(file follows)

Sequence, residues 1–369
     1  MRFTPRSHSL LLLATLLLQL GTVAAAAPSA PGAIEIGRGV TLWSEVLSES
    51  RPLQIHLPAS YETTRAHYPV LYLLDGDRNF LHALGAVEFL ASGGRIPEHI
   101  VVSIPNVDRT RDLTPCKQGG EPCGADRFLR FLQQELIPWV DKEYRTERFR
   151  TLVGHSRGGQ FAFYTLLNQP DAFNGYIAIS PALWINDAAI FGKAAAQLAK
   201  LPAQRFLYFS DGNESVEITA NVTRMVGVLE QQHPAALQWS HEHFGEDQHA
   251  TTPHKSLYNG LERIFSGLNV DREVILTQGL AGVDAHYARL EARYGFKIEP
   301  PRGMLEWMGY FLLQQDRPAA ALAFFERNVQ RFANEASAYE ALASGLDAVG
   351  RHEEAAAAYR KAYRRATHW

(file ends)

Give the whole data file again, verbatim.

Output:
Sequence, residues 1–369
     1  MRFTPRSHSL LLLATLLLQL GTVAAAAPSA PGAIEIGRGV TLWSEVLSES
    51  RPLQIHLPAS YETTRAHYPV LYLLDGDRNF LHALGAVEFL ASGGRIPEHI
   101  VVSIPNVDRT RDLTPCKQGG EPCGADRFLR FLQQELIPWV DKEYRTERFR
   151  TLVGHSRGGQ FAFYTLLNQP DAFNGYIAIS PALWINDAAI FGKAAAQLAK
   201  LPAQRFLYFS DGNESVEITA NVTRMVGVLE QQHPAALQWS HEHFGEDQHA
   251  TTPHKSLYNG LERIFSGLNV DREVILTQGL AGVDAHYARL EARYGFKIEP
   301  PRGMLEWMGY FLLQQDRPAA ALAFFERNVQ RFANEASAYE ALASGLDAVG
   351  RHEEAAAAYR KAYRRATHW